I was delighted to be featured in Words Lightly Spoken, a podcast of poetry from Ireland, this week. I introduced and read my poem ‘Small Things’ which is dedicated to Catherine Corless and is published in the anthology, Days of Clear Light, celebrating 40 years of Salmon Poetry and its founder Jessie Lendennie.
You can access the podcast at the following links:
by Michael Durack (Revival Press 2020, ISBN 978-1-9162593-8-6)
Reviewed by Brian Kirk
Flip Sides is Michael Durack’s second poetry collection, following
2017’s Where It Began. The first impression is made by the striking cover
image which calls to mind the circular centre piece of old 45 rpm vinyl records.
Music, and popular culture in general, is never far from Durack’s range of
vision throughout this collection.
In the poem ‘B-Sides’ he takes us back to the early sixties and the exotic potential of teenage years, “Watching the juke box’s impassive claw / sift through the racks of black vinyl”. This collection sifts through the poet’s back catalogue and chooses to play us the flip sides rather than the usual standards, the general watersheds of passing time. These poems are mainly situated in the Tipperary / Clare area of his childhood and school days but also in the Dublin of his student years. These are memory poems in the main, but Durack always has one eye on the present also. In one of the earliest dated poems, ‘St. Patrick’s Day 1957’, a small poem which deftly conjures a time that is now gone but is still alive in our memory, he says:
“On a stream bank shy primroses
the Railway Cups –
After music, sport is the next
greatest unifying factor. Even in poems which appear to have no obvious
association, sport of one kind or another is employed as a metaphor. The
election of Pope John XXIII is described in sporting terms in ‘White Smoke’. Boxing
metaphors are used to good effect in the poem ‘Light Verse’. This poem is very
strong and is also a good indicator of how seriously Durack takes his own work as
a poet. ‘Double Fault’ employs an extended tennis metaphor in describing the
ups and downs of a marriage.
There can be no doubting the importance
of humour in many of these poems. The poet is not afraid to use whatever means
at his disposal to further the impact of a poem, whether that means quoting lines
from songs or other poems or using word play and puns to make a point. His
disregard for those who might warn against such things is taken to a joyous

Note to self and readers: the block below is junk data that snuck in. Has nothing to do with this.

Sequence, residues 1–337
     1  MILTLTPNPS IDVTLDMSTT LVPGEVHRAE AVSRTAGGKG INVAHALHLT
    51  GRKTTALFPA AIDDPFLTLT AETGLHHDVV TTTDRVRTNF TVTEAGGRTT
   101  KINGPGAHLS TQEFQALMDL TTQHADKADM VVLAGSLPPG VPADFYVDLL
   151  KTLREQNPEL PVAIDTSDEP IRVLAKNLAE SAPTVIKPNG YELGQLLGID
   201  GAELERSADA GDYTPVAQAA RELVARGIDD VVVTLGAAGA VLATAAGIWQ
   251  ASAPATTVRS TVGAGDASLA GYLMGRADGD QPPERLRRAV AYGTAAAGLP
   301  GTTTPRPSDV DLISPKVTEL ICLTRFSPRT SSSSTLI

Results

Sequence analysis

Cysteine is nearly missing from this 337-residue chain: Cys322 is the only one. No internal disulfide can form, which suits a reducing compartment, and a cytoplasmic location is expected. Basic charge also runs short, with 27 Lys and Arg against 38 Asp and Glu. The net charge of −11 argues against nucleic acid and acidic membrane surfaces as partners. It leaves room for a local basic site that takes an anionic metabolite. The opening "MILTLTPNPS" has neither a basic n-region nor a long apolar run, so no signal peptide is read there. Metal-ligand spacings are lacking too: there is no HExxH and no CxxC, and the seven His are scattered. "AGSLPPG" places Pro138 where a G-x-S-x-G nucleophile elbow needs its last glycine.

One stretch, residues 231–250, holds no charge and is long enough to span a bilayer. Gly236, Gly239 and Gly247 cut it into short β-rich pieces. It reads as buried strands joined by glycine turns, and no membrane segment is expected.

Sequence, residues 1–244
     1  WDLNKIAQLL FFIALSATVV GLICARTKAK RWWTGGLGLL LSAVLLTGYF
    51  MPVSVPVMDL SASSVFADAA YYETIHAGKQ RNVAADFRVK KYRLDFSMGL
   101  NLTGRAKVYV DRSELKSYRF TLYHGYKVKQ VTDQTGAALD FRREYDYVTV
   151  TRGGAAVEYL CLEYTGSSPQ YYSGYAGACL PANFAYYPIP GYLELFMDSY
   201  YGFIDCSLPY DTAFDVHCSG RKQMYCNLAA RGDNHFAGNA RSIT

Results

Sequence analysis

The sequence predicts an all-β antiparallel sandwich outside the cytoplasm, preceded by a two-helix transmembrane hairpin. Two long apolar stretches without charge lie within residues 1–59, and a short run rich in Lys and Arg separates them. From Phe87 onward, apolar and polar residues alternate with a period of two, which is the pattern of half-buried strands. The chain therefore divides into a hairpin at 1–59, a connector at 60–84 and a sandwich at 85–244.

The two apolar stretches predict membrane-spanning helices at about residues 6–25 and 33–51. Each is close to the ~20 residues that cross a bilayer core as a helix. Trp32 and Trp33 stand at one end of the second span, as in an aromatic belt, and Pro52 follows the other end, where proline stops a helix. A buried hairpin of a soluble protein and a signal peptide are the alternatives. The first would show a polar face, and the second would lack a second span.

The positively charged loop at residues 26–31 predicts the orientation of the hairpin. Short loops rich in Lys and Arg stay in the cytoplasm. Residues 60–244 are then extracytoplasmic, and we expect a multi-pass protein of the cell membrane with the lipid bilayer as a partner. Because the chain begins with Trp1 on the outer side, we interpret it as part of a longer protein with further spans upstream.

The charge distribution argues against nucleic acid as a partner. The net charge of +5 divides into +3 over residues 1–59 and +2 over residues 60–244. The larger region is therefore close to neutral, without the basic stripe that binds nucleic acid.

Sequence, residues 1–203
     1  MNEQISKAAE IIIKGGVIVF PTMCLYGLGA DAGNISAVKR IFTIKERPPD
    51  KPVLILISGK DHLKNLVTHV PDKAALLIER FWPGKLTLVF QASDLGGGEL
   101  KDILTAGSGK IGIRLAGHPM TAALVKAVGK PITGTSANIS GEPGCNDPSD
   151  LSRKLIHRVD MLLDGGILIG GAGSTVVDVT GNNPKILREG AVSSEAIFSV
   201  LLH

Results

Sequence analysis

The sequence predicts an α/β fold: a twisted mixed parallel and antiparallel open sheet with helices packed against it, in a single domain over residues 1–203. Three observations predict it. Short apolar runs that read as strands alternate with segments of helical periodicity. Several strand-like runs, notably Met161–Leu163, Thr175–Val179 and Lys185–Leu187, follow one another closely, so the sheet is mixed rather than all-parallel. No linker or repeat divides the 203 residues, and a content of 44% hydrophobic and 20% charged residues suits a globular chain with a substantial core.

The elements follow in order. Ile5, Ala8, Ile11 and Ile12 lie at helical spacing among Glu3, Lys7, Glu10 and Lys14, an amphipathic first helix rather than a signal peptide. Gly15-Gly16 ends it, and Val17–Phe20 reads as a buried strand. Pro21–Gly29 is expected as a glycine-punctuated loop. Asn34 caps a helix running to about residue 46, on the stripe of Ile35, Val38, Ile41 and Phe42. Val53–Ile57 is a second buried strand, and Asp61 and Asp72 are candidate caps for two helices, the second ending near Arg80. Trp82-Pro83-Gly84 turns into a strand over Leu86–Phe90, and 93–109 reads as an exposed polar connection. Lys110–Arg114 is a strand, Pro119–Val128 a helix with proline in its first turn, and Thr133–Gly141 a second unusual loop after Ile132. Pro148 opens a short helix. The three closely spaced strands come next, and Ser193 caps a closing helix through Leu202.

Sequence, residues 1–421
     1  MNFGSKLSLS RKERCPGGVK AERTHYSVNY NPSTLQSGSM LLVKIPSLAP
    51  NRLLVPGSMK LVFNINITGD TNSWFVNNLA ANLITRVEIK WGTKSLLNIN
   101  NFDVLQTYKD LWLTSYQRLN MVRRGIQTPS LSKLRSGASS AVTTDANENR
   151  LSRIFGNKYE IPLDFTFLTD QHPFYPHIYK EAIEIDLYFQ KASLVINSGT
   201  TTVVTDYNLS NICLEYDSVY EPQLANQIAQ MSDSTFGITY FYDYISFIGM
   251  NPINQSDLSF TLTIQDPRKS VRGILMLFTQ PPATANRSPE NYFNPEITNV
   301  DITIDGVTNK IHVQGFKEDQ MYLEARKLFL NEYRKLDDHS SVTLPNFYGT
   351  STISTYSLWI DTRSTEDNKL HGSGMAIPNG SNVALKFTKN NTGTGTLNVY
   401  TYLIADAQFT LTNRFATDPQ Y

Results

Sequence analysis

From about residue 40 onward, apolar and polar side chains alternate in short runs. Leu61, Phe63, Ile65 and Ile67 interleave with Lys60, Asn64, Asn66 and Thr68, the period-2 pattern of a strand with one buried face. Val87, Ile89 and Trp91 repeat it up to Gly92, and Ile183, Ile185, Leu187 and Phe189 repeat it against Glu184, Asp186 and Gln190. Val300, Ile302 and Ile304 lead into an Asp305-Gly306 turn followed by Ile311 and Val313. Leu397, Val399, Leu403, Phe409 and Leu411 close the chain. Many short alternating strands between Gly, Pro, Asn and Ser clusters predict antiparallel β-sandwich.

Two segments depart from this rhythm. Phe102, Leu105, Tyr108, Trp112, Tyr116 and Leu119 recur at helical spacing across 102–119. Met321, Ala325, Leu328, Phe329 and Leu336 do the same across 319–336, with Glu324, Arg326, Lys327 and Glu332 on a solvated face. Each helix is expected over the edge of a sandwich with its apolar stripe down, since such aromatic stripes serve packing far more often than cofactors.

extreme in ‘Minor Victories’ wherein he employs a stream of cliches which
culminates in “a poem accepted by a magazine, / a night of untroubled sleep.”
There is another side to Durack
also. ‘The Sun Still Rises’ is a thoughful poem which considers the advances
man has made over centuries but also recognises the simple beauty and
reassurance of the natural quotidian. ‘Handiwork’ is a poised and very moving
memory of the poet working alongside his father. It ends with such power and
grace: “Handiwork of long ago: my frail hands at his mercy, / his coarse hands
in my care.” In ‘Branch Line’ he shows us how the actions of the past are still
felt in the present, creating a living history:
“When they took up the rails and the sleepers in 1954
they unstitched the landscape between
Birdhill and Ballina.
The wound has healed with time, leaving
This is a thoroughly enjoyable
collection in which the poet takes pleasure in bringing a smile to readers’
faces. But concealed among the playful word games and extended metaphors are
subtle but powerful moments of philosophical clarity and guileless beauty.
Freedom in Constraint is a sequence of formal poems focusing on the themes of isolation and social distancing and the wider issues and challenges to community and family arising out of the current Covid 19 pandemic.
“Cocooned” is the fifth poem in the sequence. This poem is a pantoum and was written during the height of lockdown when older people and those with underlying conditions were cocooning. Once again, the film was made by my good friend Peter McCluskey and he also reads the poem. It’s interesting for me to hear the poem read by a voice different from the inner voice I hear when I read the poem.
I hope to try some different poetic forms as we move through the sequence. In the meantime, I hope you enjoy. Stay safe!
29th July 2020
Freedom in Constraint is a sequence of formal poems responding to life during the Covid 19 crisis and is made with support from the Arts Council of Ireland / An Comhairle Éalíon’s Covid 19 Response Award.
Brian Kirk is a poet, short story writer, playwright and novelist from Dublin, Ireland. His work has appeared in the Sunday Tribune, Crannog, The Stony Thursday Book, Revival, Boyne Berries, Wordlegs and various anthologies.
Brian's first poetry collection, After The Fall, is published by Salmon Poetry.